People bitch about their luck too much. Most of us make our own luck […] When the day comes that I can feel the story, I’m going to write a novel about our present society.  Not a novel dealing with lesbians or male lovers or exotic backgrounds that so many people demand. It’s going to be a novel that digs into the river of ignorance and lack of concern.  Millions claim they have rights, but honestly, each day aren’t those rights being taken away ‘in the public interest’? They’re paying farmers not to farm, and paying them more if what they plant doesn’t turn out as it should. It’s taxing one man to death so aother can live without working. It’s taxing a man for what he makes while building an estate and then taxing the estate again because he died. (p. 102)

Did Hitt ever write such a book?  It might be in Amercan Sodom (1963), another Novel title I have not seen or read nor can find. This is an example of the political asides Novel allowed Hitt to pontificate on, which we’d never find in a Beacon or Midwood Hitt (he seems to get away with it a bit in his Chariot and Kozy titles).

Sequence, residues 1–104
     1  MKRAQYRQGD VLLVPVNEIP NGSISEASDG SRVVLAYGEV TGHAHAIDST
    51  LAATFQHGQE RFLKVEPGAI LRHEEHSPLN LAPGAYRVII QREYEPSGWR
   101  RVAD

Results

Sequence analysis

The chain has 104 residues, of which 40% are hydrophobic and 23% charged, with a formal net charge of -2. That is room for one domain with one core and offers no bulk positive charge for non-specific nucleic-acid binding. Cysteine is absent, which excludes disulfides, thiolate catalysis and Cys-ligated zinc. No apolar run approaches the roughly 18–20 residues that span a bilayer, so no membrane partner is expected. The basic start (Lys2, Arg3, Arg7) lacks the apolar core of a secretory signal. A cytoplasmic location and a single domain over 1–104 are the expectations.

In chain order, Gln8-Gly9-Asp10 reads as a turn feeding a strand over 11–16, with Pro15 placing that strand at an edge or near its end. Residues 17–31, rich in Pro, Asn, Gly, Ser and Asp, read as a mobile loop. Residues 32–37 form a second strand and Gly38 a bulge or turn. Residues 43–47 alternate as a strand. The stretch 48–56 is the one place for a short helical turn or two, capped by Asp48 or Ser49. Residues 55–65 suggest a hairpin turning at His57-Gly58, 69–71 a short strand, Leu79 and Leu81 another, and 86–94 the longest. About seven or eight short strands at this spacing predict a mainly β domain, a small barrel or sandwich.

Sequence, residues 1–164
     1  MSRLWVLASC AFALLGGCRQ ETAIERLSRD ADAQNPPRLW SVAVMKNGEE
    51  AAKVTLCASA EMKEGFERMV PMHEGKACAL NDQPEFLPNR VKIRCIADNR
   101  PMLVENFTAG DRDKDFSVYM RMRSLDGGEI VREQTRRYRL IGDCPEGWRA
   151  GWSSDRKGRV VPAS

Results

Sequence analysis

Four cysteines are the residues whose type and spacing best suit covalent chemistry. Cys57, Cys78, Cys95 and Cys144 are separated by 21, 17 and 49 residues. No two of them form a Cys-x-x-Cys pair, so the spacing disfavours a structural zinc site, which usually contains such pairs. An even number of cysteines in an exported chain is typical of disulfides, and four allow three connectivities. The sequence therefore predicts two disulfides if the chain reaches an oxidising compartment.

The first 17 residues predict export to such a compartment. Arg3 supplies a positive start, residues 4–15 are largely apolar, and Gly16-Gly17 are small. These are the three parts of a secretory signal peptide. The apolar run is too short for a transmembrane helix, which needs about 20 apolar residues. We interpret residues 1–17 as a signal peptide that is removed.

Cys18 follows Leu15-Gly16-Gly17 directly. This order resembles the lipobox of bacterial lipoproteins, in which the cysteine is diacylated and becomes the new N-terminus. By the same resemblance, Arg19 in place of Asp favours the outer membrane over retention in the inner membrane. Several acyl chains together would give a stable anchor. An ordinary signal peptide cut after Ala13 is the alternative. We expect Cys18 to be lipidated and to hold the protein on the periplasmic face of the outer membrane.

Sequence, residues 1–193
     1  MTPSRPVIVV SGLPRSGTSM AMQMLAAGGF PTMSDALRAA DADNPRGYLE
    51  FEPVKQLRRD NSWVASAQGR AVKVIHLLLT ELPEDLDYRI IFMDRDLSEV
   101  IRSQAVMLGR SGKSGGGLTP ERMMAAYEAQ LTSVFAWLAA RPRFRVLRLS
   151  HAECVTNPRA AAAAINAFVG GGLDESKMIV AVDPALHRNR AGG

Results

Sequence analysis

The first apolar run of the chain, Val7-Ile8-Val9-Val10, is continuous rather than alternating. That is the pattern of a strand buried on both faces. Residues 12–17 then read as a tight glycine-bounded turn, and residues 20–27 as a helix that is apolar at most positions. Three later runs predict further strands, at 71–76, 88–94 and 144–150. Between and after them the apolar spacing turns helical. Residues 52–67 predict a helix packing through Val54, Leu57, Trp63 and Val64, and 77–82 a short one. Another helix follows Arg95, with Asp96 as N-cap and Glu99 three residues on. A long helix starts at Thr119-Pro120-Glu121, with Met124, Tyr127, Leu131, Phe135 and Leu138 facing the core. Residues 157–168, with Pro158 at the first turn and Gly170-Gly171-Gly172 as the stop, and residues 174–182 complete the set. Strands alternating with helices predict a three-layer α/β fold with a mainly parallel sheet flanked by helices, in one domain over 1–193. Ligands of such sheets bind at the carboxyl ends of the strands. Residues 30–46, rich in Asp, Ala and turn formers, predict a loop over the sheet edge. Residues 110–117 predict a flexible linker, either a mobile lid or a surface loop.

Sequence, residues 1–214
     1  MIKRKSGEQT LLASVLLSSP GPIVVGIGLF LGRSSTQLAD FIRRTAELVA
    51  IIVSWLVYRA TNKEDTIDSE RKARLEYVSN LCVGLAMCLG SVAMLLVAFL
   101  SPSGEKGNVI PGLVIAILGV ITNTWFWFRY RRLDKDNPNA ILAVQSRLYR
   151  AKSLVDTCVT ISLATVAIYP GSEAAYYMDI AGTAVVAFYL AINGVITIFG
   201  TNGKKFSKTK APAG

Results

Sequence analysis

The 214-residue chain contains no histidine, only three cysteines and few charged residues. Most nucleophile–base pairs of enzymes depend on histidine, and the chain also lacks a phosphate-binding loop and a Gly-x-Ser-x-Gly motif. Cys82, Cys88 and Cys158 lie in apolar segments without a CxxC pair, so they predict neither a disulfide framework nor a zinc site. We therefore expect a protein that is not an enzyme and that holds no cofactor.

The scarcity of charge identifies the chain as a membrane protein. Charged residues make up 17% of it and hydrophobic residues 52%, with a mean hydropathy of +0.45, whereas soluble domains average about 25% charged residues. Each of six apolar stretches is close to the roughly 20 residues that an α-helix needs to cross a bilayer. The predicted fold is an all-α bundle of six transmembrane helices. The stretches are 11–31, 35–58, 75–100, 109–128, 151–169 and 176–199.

Kay thinks that by living with Ella, she can gradually end the nowhere relationship with Barney — but they both betray her by starting up their own fling behind her back, as Ella plays on the latent lesbian inside Kay.

Many people think that a girl and girl relationship is arrived at quickly. This may be true in the larger cities, girl lovers on the prowl, drinking in bars that cater only to their kind, but it’s more complicated in a fairly small place. (p. 114)

But it happens between them anyway…

…my whole body [was] a volcano of twilight lust, all her ripe loveliness anxiously awaiting to be possessed.

Within seconds I was also completely naked and leading her into the bedroom.  She kept saying that she never had, that maybe we would hate each other later. I took her down onto the bed with me, assuring her between kisses that she wouldn’t regret this afternoon, that from the beauty of a female came the beauty of love and that out of love erupted the wonders of life.